WILLIAMSBURG — The Colonial Williamsburg Foundation (CWF) has announced the discovery of what archaeologists believe to be the first permanent structure of Historic First Baptist Church.
After more than a year of archaeological excavation at the church’s original site on Nassau and Francis streets in the city’s Historic Area, the newly-identified 16 x 20-foot brick building foundation was uncovered. The foundation sits alongside brick paving and a top layer of soil which dates back to the early-nineteenth century.
Additionally, archaeologists have uncovered other evidence to include an 1817 coin and a straight pin indicative of the first quarter of the 1800s.
“We always hoped this is what we’d find,” said Colonial Williamsburg’s Director of Archaeology Jack Gary. “Now we can move forward to better understand the footprint of the building. Is it the only structure on the site? What else was around it? What did it look like? How was it being used? This is really only the beginning.”
The announcement of the discovery coincides with the celebration of Historic First Baptist Church’s 245th anniversary, which will take place with the community this coming weekend (Oct. 9-10, 2021).
In 1776, Historic First Baptist Church was founded in secret by Rev. Gowan Pamphlet and other enslaved individuals who risked their lives in order to congregate and worship together. Rev. Pamphlet went on to become the first and, at the time, only ordained black preacher in the country. This past April, a historic highway marker in honor of Pamphlet was dedicated near the site of the original permanent church.
“The early history of our congregation, beginning with enslaved and free Blacks gathering outdoors in secret in 1776, has always been a part of who we are as a community,” said Pastor of Historic First Baptist Church Rev. Dr. Reginald F. Davis. “To see it unearthed — to see the actual bricks of that original foundation and the outline of the place our ancestors worshipped — brings that history to life and makes that piece of our identity tangible. After 245 years, this is a reason to truly celebrate.”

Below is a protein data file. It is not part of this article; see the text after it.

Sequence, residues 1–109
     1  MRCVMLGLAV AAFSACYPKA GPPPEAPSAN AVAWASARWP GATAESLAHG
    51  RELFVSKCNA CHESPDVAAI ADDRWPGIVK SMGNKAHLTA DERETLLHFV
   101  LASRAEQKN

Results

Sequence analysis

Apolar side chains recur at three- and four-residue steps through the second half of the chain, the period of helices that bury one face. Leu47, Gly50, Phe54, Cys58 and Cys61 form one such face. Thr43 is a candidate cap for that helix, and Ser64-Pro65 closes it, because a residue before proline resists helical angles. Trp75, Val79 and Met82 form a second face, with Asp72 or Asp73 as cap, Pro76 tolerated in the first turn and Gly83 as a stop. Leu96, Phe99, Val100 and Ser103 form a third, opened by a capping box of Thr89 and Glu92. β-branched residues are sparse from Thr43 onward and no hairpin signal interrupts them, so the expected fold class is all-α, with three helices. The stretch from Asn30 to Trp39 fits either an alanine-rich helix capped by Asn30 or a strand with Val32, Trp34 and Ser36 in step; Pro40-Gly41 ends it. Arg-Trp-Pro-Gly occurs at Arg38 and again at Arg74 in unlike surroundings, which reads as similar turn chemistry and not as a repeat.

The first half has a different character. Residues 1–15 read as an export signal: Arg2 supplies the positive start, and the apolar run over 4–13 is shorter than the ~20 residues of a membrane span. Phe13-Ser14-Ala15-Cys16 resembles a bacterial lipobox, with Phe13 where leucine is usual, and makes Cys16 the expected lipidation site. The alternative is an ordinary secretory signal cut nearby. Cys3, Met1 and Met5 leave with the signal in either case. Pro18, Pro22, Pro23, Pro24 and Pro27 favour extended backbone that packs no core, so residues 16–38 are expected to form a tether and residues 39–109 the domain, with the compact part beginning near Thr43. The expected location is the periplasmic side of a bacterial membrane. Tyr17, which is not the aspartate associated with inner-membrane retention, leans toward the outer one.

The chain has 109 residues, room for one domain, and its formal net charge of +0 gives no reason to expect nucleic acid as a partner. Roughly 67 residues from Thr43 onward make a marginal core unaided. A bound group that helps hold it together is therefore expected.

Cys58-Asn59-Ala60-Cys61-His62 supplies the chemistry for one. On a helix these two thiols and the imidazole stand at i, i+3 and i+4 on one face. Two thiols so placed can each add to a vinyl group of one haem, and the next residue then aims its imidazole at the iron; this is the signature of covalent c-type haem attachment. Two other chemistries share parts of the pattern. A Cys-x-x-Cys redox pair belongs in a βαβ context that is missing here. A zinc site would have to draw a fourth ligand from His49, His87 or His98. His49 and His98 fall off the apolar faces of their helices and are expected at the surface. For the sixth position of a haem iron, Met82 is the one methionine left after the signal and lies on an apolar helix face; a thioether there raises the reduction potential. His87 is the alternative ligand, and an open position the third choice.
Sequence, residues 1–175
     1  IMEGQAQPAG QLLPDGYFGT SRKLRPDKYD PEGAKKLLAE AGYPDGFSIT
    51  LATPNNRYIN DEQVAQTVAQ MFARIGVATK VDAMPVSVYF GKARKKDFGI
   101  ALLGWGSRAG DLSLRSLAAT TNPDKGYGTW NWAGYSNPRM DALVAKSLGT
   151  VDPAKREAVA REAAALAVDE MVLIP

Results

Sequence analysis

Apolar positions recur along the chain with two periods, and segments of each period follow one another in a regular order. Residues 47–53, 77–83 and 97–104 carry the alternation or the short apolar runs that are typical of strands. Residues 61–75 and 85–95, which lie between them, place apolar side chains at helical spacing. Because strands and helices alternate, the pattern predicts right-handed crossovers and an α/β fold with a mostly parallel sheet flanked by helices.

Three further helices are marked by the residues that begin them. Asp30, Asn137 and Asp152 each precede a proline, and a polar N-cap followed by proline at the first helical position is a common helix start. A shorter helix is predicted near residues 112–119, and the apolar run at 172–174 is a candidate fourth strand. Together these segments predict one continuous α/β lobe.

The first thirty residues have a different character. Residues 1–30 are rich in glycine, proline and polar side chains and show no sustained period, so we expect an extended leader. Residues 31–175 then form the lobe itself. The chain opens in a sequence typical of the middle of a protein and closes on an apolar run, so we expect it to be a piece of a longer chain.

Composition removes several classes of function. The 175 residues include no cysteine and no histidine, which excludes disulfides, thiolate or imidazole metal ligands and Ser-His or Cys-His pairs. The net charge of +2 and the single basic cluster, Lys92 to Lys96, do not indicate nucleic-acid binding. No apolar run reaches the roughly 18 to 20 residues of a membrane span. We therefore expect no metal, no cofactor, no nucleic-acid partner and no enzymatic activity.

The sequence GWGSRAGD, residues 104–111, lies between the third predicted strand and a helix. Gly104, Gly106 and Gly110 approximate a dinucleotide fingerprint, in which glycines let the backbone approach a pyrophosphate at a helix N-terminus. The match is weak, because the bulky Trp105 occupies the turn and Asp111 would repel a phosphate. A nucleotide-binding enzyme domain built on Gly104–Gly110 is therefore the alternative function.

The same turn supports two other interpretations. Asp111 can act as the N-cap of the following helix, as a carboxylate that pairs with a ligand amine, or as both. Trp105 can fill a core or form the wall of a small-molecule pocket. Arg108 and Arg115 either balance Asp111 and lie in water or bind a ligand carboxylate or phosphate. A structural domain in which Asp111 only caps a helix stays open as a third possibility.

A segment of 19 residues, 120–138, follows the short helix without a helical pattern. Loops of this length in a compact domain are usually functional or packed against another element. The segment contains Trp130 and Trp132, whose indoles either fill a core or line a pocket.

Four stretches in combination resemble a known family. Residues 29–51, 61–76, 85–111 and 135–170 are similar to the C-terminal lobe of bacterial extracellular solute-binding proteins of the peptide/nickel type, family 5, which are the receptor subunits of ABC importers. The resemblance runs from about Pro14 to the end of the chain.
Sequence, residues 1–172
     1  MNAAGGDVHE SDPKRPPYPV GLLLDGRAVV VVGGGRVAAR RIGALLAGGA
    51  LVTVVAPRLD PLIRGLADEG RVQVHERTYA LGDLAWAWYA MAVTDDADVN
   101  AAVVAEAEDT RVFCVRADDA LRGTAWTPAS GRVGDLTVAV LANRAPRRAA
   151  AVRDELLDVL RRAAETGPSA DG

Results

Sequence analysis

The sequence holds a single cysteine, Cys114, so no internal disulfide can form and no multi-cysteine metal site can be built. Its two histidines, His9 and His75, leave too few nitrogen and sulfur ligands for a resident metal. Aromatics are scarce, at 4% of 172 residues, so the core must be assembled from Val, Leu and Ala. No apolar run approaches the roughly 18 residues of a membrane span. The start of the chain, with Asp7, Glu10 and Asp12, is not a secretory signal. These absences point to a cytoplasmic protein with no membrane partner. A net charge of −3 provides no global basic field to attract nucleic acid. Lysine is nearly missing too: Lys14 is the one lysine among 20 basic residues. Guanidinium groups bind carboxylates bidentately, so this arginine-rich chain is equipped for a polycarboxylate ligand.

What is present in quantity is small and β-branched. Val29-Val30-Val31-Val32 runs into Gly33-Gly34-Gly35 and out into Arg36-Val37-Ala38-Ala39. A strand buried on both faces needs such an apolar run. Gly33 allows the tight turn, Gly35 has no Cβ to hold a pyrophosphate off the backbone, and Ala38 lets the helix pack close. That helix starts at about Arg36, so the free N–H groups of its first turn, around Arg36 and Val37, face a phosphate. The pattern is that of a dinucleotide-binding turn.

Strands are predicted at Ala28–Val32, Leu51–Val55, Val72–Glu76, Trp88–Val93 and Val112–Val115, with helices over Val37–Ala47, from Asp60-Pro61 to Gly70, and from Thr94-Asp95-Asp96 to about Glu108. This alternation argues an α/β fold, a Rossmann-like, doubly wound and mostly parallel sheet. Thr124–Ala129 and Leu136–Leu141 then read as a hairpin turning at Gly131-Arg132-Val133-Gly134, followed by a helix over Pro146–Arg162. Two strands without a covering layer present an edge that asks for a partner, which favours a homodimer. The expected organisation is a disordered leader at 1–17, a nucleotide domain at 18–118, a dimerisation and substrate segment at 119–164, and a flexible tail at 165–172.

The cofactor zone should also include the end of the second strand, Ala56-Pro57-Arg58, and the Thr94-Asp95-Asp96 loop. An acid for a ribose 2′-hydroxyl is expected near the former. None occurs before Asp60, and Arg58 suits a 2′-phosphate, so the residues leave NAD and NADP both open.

An October 7 CWF release states that tax records suggest that by 1818, the church’s congregation was worshipping in a building then known as the Baptist Meeting House. The release goes on to state that this is believed to be the congregations first permanent structure.
“This discovery could not have come at a better time,” said President of the Let Freedom Ring Foundation and member of Historic First Baptist Church Connie Matthews Harshaw. “We are so excited to welcome both our church community and the local community back after a difficult year of closures, and the discovery of the original site of our church is such a beautiful reminder of the power of public history to tell stories that inspire and unite us.”
The release also states that the original structure has been buried for 165 years, first under the foundation of a brick church that was constructed in 1856 but later destroyed by a tornado and then a parking lot. It was during the last five years that the collaborative efforts between Historic First Baptist Church and CWF have taken place to uncover the history.
“Colonial Williamsburg is committed to telling a more complete and inclusive story of the men and women who lived, worked and worshipped here during our country’s formative years,” said President and CEO of CWF Cliff Fleet. “The history of this congregation is a story that deserves to be at the forefront of our interpretation and education efforts, and we are honored to play a part in bringing that story to light.”
During the excavation process, archaeologists also uncovered at least twenty-five confirmed human burials on the grounds. A meeting will take place on Oct. 30 for the descendant community of the church in order to discuss next steps as well as make decisions as to how to proceed with investigating burial sites.
In 1956, Historic First Baptist Church relocated to 727 Scotland Street. Then, in 2016, the church partnered with CWF in order to renovate the church’s historic bell, now known as the “Freedom Bell,” which hadn’t rung since segregation.
Excavation on the site is scheduled to continue weekdays from 9 a.m. to 4 p.m. (weather-permitting). According to CWF, this is a multi-year project that endeavors to seek more information in order to accurately reconstruct the earliest version of the church’s first permanent structure, surrounding landscape and topography. It also seeks to locate burials and learn more about the worship experience for the church’s earliest congregants.
The project is supported by gifts from the Lilly Endowment, Inc., The Ford Foundation, the Richard S. Reynolds Foundation, and multiple individual donors.
To learn more about the anniversary events this weekend, click here.